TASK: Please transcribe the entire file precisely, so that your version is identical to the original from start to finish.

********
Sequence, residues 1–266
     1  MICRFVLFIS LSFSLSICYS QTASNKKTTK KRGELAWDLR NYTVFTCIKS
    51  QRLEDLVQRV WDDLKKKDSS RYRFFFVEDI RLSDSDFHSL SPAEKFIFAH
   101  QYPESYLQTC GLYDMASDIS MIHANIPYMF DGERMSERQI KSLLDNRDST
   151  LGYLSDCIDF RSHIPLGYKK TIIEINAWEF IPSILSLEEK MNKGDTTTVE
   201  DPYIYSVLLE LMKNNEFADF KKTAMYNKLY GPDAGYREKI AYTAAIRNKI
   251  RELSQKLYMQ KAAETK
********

Sequence, residues 1–266
     1  MICRFVLFIS LSFSLSICYS QTASNKKTTK KRGELAWDLR NYTVFTCIKS
    51  QRLEDLVQRV WDDLKKKDSS RYRFFFVEDI RLSDSDFHSL SPAEKFIFAH
   101  QYPESYLQTC GLYDMASDIS MIHANIPYMF DGERMSERQI KSLLDNRDST
   151  LGYLSDCIDF RSHIPLGYKK TIIEINAWEF IPSILSLEEK MNKGDTTTVE
   201  DPYIYSVLLE LMKNNEFADF KKTAMYNKLY GPDAGYREKI AYTAAIRNKI
   251  RELSQKLYMQ KAAETK